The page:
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Secure JAX-RS resources using annotations

We can secure Java API for RESTful Web Services (JAX-RS) resources using annotations that specify security settings.

This task assumes that we have developed the application and identified the JAX-RS resources to secure using annotations for security.

We can secure JAX-RS resources using annotations for security supported by JSR 250. Use the following annotations to add authorization semantics to your JAX-RS application resources:

We can choose to annotate at the class level or at the method level. The following rules govern the annotations for security:

Method level annotations take precedence over annotations at the class level.

In the following code snippet, the JAX-RS resource referenced by the @GET and @Path annotation of /addresses and the corresponding getList() method is not restricted and open for public consumption. However, the resource referenced by the @PUT and @Path annotations of the /addresses and the corresponding updateList() method requires the role of Manager; for example:

@Path(value="/addresses")
        @PermitAll
        public class  AddressBookResource {

          @GET
          @Produces(value="text/plain")
          public String getList() {
          }

          @PUT
          @RolesAllowed("Manager")
          to public void updateList(String[] books) {
          }
        }

The annotations for security are mutually exclusive.

This means that each resource is only governed by at most one of the annotations for security. For example, the following example is not valid because both @PermitAll and @RolesAllowed are specified:
       @Path(value="/addresses")
       @PermitAll
       @RolesAllowed("Employee")
       public class  AddressBookResource {

      @GET
      @Produces(value="text/plain")
      public String getList() {
      }
    }

In the previous code example, the @RolesAllowed annotation takes precedence and the @PermitAll annotation is ignored. Similarly, if the @RolesAllowed annotation and @DenyAll annotation are both specified, the @DenyAll annotation takes precedence.

Similarly, if the @PermitAll and @DenyAll annotations are both specified at the method or at the class level, the @DenyAll annotation takes precedence as it ensures security by conforming to the safe default principle.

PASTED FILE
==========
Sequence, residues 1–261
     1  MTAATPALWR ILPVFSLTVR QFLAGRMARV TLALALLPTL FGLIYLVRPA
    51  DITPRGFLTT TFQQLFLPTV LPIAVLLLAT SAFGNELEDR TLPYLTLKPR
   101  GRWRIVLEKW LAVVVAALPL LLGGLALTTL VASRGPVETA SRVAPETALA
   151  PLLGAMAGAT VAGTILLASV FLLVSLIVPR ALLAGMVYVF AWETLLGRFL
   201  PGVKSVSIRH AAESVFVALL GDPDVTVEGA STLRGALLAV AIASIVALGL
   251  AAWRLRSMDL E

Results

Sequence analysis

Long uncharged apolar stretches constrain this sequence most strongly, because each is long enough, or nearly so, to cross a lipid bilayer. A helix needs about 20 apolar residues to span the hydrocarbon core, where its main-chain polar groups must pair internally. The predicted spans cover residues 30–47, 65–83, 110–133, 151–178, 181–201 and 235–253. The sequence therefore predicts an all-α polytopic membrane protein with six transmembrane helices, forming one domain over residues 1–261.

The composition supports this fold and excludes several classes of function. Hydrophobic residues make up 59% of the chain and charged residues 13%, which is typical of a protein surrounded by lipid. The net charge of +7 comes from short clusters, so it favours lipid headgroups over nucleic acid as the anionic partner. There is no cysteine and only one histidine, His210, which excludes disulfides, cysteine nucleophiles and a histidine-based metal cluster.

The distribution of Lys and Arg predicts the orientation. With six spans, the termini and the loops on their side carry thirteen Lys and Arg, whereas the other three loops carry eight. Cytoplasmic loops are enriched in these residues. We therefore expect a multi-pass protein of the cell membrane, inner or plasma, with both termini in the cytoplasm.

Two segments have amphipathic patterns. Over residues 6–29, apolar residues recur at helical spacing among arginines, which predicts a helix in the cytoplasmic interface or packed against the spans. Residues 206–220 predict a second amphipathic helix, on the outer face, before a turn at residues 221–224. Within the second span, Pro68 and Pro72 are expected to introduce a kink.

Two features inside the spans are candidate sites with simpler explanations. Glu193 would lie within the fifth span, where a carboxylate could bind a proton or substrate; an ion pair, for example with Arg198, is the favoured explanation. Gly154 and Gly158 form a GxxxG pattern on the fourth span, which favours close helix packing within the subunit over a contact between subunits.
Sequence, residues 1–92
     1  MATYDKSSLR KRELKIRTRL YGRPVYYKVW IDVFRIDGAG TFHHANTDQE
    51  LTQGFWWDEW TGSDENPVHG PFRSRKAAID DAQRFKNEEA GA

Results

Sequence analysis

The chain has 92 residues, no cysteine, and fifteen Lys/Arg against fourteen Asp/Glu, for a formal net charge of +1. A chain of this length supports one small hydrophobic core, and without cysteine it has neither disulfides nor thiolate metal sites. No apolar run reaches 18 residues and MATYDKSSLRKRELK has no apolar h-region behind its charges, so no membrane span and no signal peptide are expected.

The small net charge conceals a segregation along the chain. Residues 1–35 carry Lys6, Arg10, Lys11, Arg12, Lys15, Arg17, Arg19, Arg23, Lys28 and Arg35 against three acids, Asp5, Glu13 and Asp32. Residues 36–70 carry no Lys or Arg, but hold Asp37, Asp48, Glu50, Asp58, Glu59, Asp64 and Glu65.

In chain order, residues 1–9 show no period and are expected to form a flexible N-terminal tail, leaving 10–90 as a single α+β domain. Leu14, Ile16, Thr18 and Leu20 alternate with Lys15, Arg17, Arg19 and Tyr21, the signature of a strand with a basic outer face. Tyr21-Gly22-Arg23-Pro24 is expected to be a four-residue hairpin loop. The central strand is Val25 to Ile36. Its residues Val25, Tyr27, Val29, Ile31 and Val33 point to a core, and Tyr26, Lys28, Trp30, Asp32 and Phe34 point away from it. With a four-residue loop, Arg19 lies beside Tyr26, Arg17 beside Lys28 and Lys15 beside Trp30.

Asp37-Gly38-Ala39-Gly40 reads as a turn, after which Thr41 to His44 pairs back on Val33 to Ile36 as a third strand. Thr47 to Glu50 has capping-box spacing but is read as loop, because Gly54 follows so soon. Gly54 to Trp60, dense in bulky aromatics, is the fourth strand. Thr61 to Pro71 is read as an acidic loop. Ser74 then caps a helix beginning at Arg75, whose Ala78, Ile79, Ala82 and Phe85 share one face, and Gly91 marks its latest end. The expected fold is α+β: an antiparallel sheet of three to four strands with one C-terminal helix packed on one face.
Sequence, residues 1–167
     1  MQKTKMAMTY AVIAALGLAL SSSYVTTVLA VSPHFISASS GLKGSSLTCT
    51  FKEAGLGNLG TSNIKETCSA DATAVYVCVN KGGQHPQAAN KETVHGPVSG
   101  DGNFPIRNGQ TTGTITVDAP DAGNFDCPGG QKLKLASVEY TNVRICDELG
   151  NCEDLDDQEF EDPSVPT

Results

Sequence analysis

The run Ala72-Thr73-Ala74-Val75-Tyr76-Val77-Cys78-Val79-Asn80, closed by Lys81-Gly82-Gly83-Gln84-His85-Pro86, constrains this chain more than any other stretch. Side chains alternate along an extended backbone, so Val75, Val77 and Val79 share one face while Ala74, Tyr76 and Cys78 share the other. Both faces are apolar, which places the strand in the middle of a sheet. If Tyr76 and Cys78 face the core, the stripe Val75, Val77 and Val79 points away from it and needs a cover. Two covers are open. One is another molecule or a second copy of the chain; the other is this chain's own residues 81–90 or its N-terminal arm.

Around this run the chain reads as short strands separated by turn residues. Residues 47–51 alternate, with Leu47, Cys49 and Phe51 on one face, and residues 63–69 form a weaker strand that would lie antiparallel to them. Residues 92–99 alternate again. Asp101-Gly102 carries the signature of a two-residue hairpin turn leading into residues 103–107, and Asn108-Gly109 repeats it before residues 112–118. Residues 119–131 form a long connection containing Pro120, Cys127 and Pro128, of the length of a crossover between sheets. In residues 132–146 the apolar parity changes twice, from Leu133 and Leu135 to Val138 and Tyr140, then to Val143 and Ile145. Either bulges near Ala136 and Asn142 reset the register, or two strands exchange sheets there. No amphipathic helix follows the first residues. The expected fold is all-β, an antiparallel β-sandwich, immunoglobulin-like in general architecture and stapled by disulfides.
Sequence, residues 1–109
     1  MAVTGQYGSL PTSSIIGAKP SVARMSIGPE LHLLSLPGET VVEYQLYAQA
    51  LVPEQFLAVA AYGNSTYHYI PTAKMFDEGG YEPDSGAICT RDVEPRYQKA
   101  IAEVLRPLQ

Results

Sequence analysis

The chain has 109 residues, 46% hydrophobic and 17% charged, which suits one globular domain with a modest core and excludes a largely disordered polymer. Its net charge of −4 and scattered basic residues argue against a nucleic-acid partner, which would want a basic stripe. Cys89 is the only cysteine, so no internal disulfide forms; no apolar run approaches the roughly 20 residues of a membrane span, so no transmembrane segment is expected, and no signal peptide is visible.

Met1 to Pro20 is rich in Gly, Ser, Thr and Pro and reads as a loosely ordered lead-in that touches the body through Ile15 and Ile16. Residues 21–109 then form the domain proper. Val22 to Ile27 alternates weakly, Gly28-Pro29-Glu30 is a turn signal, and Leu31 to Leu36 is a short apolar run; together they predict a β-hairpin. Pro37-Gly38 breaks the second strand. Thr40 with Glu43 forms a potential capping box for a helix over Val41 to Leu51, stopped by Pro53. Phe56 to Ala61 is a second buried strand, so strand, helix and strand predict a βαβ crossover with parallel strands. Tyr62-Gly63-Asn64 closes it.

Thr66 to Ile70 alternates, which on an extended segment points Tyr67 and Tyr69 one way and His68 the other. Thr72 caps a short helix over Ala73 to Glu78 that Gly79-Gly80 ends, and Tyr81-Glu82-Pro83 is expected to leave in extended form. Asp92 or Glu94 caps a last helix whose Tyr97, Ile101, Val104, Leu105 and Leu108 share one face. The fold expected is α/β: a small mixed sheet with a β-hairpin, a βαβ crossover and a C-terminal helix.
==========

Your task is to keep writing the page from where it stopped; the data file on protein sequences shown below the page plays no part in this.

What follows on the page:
If the @PermitAll, @DenyAll and @RolesAllowed annotations are all present at the method or class level the @DenyAll annotation takes precedence over @RolesAllowed and @PermitAll. The order of precedence of these annotations is the following:

  1. @DenyAll
  2. @RolesAllowed
  3. @PermitAll

Rule for inheritance

JSR 250 annotations that are added at the class level only affect the classes that they annotate and the corresponding methods for subresources. Annotations specified at the class level do not affect resources inherited from a superclass.

Rule for overriding method(s)

Annotations on resources that correspond to overridden methods in subclasses take precedence over annotations included in the parent class. In the following snippet, the LocalAdministrator role is used to access the /addresses/local subresource; for example:
       s@Path(value="/addresses")
       @PermitAll
       public class  AddressBookResource {

          @GET
          @Produces(value="text/plain")
          public String getList() {
          } 

          @PUT
          @RolesAllowed("Administrator")
          public void updateList(String books) {
          
          }
        }

        @Path(value="/addresses")
        @PermitAll
        public class  LocalAddressBookResource 
                      extends AddressBookResource {
         
          @PUT
          @RolesAllowed("LocalAdministrator")
          @Path(value="local")  
          public void updateList(String books){  
          
          }
        }

@RolesAllowed consideration

We cannot have multiple @RolesAllowed annotations simultaneously on a resource. For example, we can achieve:
  @RolesAllowed("role1")
   @RolesAllowed("role2")
    public String foo() {
    }
using the following code snippet:
 @RolesAllowed({"role1", "role2"})
  public String foo() {
   }

Considerations for the use of annotations for security and the configuration of security constraints

Annotations for security follow the declarative security model. Security constraints configured in the deployment descriptor, the web.xml file, take precedence over security constraints that are programmatically annotated in the application. It is important for developers of JAX-RS resources to consider a balance across configurable security constraints and annotated security constraints. Annotated constraints are additional to any configured security constraints. The JAX-RS runtime environment checks for annotated constraints after the web container runtime environment has checked for security constraints configured in the web.xml file.